I have another idea what might be causing the flakes, because I seem to have them myself - flat, whispy things floating in my reservoir. Im guessing either corrosion (My improvised ion-meter says otherwise - aluminium and copper samples sitting in my reservoir for easy inspection) or some reaction involving the coolent and the epoxy I used to repair a crack in my pump. The epoxy was black when I put it on, and is now green. So its up to something.

Whatever the cause, the flakes are small and weak enough to pass right through the system without causing any disruption. So they can stay until I find time to buy another bottle of water and flush the system out.

My coolent: Distilled water, ethan-1,2-diol (EG to the people who dont standardise names), a tiny bit of water-wetter, and some red food-dye I added to help find a suspected leak.
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post #8 of 17
Quote:
Originally Posted by Goldenpi
Hmm... Acrylic acid has three carbons. Ethylene glycol has two. So it would be quite difficult for the EG to convert to acrylic acid. Either you need to add carbon (there is none available), or somehow join molecules together and cut them up in interesting ways. Besides which, acrylic acid is a liquid misible with water - it wont form flakes.

I have another idea what might be causing the flakes, because I seem to have them myself - flat, whispy things floating in my reservoir. Im guessing either corrosion (My improvised ion-meter says otherwise - aluminium and copper samples sitting in my reservoir for easy inspection) or some reaction involving the coolent and the epoxy I used to repair a crack in my pump. The epoxy was black when I put it on, and is now green. So its up to something.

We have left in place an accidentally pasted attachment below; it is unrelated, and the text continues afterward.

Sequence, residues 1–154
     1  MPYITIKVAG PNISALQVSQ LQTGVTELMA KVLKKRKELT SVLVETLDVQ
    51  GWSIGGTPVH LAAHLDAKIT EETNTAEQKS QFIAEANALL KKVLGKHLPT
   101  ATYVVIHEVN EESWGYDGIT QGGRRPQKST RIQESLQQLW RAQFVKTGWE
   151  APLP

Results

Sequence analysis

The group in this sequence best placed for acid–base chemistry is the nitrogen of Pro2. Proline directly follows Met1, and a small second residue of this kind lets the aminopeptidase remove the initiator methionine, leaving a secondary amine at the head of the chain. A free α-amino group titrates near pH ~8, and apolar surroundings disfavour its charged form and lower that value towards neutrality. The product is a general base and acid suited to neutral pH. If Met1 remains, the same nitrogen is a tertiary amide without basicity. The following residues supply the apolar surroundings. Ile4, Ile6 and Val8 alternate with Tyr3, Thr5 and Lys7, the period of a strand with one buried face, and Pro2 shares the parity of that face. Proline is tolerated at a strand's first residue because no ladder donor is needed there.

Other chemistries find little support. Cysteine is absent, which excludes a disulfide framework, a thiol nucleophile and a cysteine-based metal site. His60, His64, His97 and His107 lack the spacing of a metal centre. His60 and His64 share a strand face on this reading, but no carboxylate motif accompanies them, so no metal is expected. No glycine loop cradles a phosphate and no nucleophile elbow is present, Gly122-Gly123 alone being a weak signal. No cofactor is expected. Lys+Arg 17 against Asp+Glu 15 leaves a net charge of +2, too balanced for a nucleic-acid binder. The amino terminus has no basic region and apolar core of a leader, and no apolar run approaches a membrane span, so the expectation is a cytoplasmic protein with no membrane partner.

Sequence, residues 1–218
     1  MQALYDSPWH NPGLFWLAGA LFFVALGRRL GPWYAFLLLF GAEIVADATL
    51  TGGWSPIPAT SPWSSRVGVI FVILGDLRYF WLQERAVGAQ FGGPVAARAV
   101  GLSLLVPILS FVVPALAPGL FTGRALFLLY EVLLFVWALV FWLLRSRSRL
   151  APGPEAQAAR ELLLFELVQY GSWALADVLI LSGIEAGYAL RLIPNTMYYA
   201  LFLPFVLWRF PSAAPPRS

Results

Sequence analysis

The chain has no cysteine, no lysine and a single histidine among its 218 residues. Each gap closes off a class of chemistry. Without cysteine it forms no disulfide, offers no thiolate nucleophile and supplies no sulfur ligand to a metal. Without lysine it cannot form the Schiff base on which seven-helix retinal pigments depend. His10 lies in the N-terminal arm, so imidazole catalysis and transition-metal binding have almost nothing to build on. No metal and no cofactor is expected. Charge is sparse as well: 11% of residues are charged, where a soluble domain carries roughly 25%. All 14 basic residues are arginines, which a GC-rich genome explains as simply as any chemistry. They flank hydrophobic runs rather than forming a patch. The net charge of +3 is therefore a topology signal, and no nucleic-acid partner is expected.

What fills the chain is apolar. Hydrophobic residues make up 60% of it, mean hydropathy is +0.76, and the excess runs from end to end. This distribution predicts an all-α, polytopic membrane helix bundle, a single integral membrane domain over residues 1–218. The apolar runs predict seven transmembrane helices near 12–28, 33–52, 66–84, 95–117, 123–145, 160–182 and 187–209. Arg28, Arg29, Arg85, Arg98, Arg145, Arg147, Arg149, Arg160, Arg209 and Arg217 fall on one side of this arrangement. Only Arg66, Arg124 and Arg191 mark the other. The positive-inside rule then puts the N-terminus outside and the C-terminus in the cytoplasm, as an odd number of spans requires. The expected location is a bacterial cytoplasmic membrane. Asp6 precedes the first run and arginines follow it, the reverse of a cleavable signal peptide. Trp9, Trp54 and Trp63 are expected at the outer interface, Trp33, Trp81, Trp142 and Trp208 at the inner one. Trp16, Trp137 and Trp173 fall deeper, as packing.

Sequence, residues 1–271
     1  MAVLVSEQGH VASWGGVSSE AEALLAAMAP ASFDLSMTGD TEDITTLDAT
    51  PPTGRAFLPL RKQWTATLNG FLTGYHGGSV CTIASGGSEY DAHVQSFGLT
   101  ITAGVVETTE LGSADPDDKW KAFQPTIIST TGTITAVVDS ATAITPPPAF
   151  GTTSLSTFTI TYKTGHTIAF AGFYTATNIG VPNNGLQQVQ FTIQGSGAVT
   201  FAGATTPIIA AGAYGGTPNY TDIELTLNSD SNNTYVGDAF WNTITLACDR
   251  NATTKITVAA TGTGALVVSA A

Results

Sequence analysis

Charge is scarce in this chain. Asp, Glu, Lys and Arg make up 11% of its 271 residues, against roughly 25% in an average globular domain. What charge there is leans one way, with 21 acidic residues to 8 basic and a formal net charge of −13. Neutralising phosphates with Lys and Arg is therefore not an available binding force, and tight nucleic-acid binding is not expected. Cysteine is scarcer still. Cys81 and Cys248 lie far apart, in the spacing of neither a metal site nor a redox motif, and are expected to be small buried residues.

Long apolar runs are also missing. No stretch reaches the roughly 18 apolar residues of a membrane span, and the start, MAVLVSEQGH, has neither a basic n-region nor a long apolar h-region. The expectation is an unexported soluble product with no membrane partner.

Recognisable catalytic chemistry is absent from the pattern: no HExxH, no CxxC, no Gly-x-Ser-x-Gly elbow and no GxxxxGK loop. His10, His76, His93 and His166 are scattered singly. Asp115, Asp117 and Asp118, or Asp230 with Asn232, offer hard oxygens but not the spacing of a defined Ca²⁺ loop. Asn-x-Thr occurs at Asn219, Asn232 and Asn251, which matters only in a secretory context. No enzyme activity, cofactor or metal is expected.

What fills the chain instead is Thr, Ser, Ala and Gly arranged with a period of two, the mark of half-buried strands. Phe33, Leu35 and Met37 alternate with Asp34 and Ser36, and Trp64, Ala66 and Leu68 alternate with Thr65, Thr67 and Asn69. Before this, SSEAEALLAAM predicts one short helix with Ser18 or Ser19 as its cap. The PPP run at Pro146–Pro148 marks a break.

Whatever the cause, the flakes are small and weak enough to pass right through the system without causing any disruption. So they can stay until I find time to buy another bottle of water and flush the system out.

My coolent: Distilled water, ethan-1,2-diol (EG to the people who dont standardise names), a tiny bit of water-wetter, and some red food-dye I added to help find a suspected leak.
hi thanks for pointing out about acrylic acid. i made a mistake about acrylic acid, it is not it is acetic acid. apart from that you can also form aldehydes and other polymerized compound.

apologies to all for the misinformation. for further information check out the following site,

http://www.gewater.com/library/tp/82...plications.jsp
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Hard DriveOptical DriveOSMonitor
OS - Raptor 74GB, 2xSeagate 80GB SATA DVD Drive, CDRW XP Professional SP 2 24" Dell WFP LCD Screen 
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2012 Rig
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CPUMotherboardGraphicsRAM
Q6600 2.40Ghz @ 3.6GHz VID 1.2375 Lapped Asus Maximus Formula SE MSI Geforce 8800GTS Crucial Ballistix Tracer 2x1GB PC8500 
Hard DriveOptical DriveOSMonitor
OS - Raptor 74GB, 2xSeagate 80GB SATA DVD Drive, CDRW XP Professional SP 2 24" Dell WFP LCD Screen 
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post #9 of 17
Computer fairy got thirsty and drank that missing 3" liquid. lol
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post #10 of 17
when you turn the pump on, a sudden vacuum is created inside the system, which will pull the water level of the t-line down (nothing to worry about)

it happened to me every single time i turned my computer on when i was still running a t-line